To accentuate the content of an article, it is highly important to have keywords that will help an article appear as a top search result. One of the ways of assigning significance of uniqueness to an article is through the TF*IDF algorithm, also called TF-IDF or TF.IDF.

TF*IDF is an information retrieval technique that weighs a term’s frequency (TF) and its inverse document frequency (IDF). Each word or term has its respective TF and IDF score. The product of the TF and IDF scores of a term is called the TF*IDF weight of that term. In simple language, the higher the TF*IDF score (weight), the rarer the term and vice versa.

TF*IDF definition

TF (Term frequency) of a word is the frequency of a word (i.e. number of times it appears) in a document. When you know it, you’re able to see if you’re using a term too much or too little.

For example, when in a document containing 100 words the term ‘cat’ appears 12 times, the TF for the word ‘cat’ is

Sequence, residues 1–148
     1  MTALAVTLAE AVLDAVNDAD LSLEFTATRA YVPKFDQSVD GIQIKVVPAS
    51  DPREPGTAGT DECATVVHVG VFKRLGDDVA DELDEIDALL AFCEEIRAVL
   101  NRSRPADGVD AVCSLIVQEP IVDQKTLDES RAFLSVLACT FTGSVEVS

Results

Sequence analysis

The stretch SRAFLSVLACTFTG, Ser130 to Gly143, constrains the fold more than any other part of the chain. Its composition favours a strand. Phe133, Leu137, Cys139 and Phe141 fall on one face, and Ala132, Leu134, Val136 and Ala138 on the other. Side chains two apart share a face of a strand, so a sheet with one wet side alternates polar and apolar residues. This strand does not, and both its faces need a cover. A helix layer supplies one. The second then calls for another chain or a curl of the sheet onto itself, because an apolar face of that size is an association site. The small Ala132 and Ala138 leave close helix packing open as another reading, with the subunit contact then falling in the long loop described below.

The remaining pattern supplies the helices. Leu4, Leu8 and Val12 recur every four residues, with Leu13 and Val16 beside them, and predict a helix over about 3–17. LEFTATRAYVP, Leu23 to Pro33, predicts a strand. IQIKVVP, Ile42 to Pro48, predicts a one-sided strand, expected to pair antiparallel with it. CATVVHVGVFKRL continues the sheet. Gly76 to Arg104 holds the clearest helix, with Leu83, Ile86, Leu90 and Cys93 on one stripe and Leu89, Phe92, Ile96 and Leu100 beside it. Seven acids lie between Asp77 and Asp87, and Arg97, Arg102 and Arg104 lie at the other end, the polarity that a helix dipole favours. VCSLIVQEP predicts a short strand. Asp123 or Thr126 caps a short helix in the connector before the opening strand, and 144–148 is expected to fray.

TFcat = 12/100 i.e. 0,12

IDF (Inverse document frequency) of a word is the measure of how significant that term is throughout the web, also referred to as the “corpus”.

For example, say the term ‘cat’ appears 10 million times in the whole corpus (i.e. web). Let’s assume there are 0.3 million documents that contain such a huge number of ‘cat’, then the IDF (i.e. log {DF}) is given by the total number of documents divided by the number of documents containing the term ‘cat’.

IDF (cat) = log (10.000.000/300.000) i.e 1,52

∴ Wcat =(TF*IDF) cat = 0,12 1,52 = 0,182

How you can benefit from using TF*IDF

Gather words. Write your content. Run a TF*IDF report for your words and get their weights. The higher the numerical weight value, the rarer the term. The smaller the weight, the more common the term. Compare all the terms with high TF*IDF weights with respect to their search volumes on the web. Select those with higher search volumes and lower competition. Work smart.

A good rule of thumb is, the more your content “makes sense” to the user, the more weight is assigned to it by the search engine. With words having high TF*IDF weight in your content, your content will always be amongst the top search results, so you can: